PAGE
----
Most helpful positive review
Seminal Text for Anyone Interested in Improvised Music
on October 23, 2002
Let's get the caveat out of the way first. This is NOT a How to book on Improvising! In fact...I'm not sure there can be a How To book on improvising...there are no tricks and written examples really defeat the purpose. The only way to learn to improvise, at least in a contemporary setting, or a free setting, is to do it and do it and do it. At first it won't sound good...that's where so many people get lost. They think that if their improvisation isn't brilliant off the bat, then somehow they haven't got the "trick" yet. But perserverence is what leads to mastery. (For example, when I was 16, I got sick of my jazz harmony in my piano's left hand. I spent an entire weekend at the piano, practicing chords that I'd discovered on Bill Evans albums. Changed my jazz playing forever!) So if you are looking for a How To book...give it up. Reading won't help, only playing will. (Like the Nike commercial says, just do it!)
Now on to the book at hand...Derek Bailey's book on Improvisation is really a classic. Bailey's interest here is wide ranging. Using a combination of interviews and essay, he looks at improvisation, or the lack of it, in Indian, Flamenco, Baroque, contemporary concert, rock, jazz and freely improvised music with the purpose of exploring improvisation in all it's forms from the inside. The act of improvisation is basically conceptual. How you think about your material has a deep effect on the material itself. So the book examines mostly the attitudes of improvising musicians toward improvisational issues: structure, composition/improvisation, rules and stylistic issues, recording, the relationship to the audience, and even the attitude toward innovation. It is interesting that there is such diversity, even in the improvising community, in outlook. Indian music is based on rather limiting sets of rules, and innovation doesn't even come into play. It's how you express the raga, not how innovative you are that determines your artistry...at the other end of the spectrum, in freely improvised music, the players are at great pains to always remain sponteneous...not to reuse tricks over and over again. In both cases, I think the stated positions are ideals...invariably there is innovation in Indian music and there are "licks" in free improvisation, but the differences in basic stance are fascinating.
On the whole, I think Bailey does an admirable job of discussing improv in the various fields. The one exception that I would make is in the classical field. Bailey is correct, classical instrumental education has totally banished improvisation, with the exception of liturgical organ music. It has created a dicotomy in which composers (usually dead) create music which performers lovingly try to recreate. However, this is a modern development. Improvisation was alive and well, deep into the 19th century. Most instrumentalists looked on pieces of music as a fairly detailed blueprint which they added to in the form of improvisation. And most composers were also instrumental soloists of note and improvisation was a key part of their repertoire. Chopin was notable for improvising the virtuoso figures of his piano pieces in the salons of Paris, and actually resisted writing down pieces, partly because he didn't want to commit any one version to paper. Beethoven and Mozart were of course known for their improvisation...Beethoven actually made his greatest showing as a young pianist in the improvisations he played. Many of Brahms late piano works started as improvisations, and some of the Intermezzi were carried around by Brahms in his head for 2 years before he finally wrote them down. Of course, cadenzas in concerti were supposed to be improvised by the performer, though, as the art was lost, more and more performers relied on prewritten cadenzas, either by the composer of the piece or by famous 19th century virtuosi. And there is a charming reocrding from an original Edison cylinder of Camille Saint-Saens improvising on the piano. (At the end of the disc you can hear Saint-Saens say in French, "are we done yet?") Bailey doesn't address any of this, and tends to make the classical tradition sound like the enemy of improvisation...seems actually to be a bit hostile to the entire notion of classical music. I find this a blemish on an otherwise excellent account of improvisation.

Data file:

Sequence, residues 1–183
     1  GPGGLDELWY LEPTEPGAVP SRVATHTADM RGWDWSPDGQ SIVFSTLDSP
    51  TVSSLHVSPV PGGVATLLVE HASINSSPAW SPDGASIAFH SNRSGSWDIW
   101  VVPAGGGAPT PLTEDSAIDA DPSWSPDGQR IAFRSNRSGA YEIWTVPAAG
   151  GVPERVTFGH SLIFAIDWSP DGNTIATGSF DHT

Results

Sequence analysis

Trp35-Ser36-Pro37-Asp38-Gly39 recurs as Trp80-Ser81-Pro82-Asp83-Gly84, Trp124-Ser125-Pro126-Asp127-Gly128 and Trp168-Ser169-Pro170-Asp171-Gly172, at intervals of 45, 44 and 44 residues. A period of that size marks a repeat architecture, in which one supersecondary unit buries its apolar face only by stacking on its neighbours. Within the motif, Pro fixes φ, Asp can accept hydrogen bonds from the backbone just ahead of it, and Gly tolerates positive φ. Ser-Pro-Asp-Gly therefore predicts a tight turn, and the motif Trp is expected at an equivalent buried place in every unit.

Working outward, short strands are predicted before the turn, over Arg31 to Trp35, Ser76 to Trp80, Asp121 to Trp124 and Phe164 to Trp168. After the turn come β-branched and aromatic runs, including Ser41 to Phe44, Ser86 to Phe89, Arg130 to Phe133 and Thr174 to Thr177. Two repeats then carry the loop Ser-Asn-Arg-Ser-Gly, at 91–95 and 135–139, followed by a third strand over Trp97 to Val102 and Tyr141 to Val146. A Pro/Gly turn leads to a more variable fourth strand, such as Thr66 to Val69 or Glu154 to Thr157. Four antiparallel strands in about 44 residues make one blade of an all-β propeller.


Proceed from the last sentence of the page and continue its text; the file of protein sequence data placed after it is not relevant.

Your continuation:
If you are an improvising musician in any discipline, you should read this book. If you want to understand the thought processes of improvising musicians, read this book. If you want to expand your understanding of the creative possibilities in music, read this book.
If you want a How to book, go somewhere else.